Charles Dharapak/AP Photo

Their task? Chew down an acre worth of poison ivy and other plants invading trees and gravestones.

In the age of digital omnipresence and solar-powered everything, it’s refreshing to see Washington D.C.’s Congressional Cemetery taking a low-tech approach to getting tough jobs done.

Charles Dharapak/AP Photo

The Washington Post reports that a herd of over 50 goats arrived at the 206-year-old cemetery Wednesday morning, tasked with chewing down an acre worth of poison ivy and other plants invading trees and gravestones. These goats, which will be grazing an enclosed area adjacent to the actual burial ground for the next week, are an eco-friendly and budget-friendly option for treating overgrown grounds. Paul Williams, President of the Historic Congressional Cemetery, told CNN that employing the herd for a week costs $4000, at a rate of about only 25 cents an hour per goat.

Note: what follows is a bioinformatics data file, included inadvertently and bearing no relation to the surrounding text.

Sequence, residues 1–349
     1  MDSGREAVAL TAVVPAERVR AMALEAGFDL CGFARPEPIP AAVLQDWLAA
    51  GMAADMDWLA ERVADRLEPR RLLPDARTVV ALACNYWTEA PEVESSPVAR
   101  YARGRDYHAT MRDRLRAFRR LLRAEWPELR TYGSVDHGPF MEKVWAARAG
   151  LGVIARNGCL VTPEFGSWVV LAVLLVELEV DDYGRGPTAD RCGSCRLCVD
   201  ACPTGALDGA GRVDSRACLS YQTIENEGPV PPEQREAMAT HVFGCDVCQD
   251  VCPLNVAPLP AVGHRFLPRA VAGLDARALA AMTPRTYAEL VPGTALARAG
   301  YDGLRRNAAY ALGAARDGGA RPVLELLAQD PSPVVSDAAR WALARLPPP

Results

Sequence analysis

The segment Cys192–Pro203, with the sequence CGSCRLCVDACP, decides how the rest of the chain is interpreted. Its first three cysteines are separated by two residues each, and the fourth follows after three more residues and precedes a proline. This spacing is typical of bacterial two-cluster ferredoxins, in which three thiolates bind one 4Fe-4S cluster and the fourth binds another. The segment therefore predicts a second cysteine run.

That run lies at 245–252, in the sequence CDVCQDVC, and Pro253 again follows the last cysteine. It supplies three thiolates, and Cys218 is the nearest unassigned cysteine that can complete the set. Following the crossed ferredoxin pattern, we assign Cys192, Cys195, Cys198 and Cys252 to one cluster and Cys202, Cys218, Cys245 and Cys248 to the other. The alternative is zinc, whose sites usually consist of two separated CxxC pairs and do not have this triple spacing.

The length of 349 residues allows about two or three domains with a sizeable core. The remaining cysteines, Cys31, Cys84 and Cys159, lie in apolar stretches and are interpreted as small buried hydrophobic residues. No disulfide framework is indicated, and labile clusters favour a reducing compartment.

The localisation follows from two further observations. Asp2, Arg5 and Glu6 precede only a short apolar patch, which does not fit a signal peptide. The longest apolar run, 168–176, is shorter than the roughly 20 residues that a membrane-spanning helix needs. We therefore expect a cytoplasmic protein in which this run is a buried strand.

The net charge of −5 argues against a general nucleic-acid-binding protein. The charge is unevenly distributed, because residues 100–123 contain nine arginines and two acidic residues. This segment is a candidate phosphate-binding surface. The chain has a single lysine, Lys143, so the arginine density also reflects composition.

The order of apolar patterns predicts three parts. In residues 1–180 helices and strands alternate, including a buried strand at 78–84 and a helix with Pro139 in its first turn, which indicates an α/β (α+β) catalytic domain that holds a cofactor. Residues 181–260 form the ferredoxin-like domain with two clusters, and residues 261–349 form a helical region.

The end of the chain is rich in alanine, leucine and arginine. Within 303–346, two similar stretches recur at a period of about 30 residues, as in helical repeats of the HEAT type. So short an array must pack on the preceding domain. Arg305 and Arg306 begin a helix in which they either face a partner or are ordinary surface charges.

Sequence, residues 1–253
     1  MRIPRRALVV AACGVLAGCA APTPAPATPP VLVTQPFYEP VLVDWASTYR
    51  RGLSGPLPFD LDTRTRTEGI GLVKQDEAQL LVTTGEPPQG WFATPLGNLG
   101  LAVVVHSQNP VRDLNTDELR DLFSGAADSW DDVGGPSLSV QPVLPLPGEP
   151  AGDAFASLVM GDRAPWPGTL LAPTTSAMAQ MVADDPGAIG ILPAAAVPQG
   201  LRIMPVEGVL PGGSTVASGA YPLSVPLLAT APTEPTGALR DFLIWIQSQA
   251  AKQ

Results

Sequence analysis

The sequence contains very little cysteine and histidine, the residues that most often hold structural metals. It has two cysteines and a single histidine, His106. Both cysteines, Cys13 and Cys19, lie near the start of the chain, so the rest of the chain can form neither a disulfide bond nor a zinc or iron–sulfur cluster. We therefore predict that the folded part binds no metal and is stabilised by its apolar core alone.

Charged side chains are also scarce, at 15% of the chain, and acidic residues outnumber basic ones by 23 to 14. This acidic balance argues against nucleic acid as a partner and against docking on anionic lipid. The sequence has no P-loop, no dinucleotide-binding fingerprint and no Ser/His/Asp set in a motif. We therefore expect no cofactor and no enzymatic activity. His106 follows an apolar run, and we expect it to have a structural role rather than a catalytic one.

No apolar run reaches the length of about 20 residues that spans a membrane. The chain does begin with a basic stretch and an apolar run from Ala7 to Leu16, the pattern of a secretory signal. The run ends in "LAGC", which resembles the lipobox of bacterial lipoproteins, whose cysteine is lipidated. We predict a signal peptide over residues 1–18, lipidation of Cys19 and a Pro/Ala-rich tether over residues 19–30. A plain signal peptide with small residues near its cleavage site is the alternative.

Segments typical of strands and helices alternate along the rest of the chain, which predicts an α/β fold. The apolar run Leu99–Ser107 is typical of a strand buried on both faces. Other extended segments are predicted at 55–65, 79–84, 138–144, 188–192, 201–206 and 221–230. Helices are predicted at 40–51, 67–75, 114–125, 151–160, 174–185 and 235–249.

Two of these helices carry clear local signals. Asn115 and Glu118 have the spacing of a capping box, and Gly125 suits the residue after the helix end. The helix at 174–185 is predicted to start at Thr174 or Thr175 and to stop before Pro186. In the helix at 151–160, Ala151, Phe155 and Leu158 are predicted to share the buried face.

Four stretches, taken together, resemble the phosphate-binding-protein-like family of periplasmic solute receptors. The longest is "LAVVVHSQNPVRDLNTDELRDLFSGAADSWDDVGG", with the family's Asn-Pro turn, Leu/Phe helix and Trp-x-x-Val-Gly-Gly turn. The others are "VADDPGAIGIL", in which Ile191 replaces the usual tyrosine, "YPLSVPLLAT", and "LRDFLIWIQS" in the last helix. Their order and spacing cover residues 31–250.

It turns out, D.C.is far from the only city employing goats for maintenance in recent years. Seattle’s Department of Transportation hired goats to clear a hill. Chicago’s O’Hare International Airport brought in goats to munch away weeds on airport property. The city of Paris invited four black sheep to be resident lawnmowers at a half-acre grassy patch. Last month, Amazon Japan’s Gifu Prefecture distribution center began hosting goats once a week to graze grass. No doubt,  the worldwide goat invasion is sure to continue.

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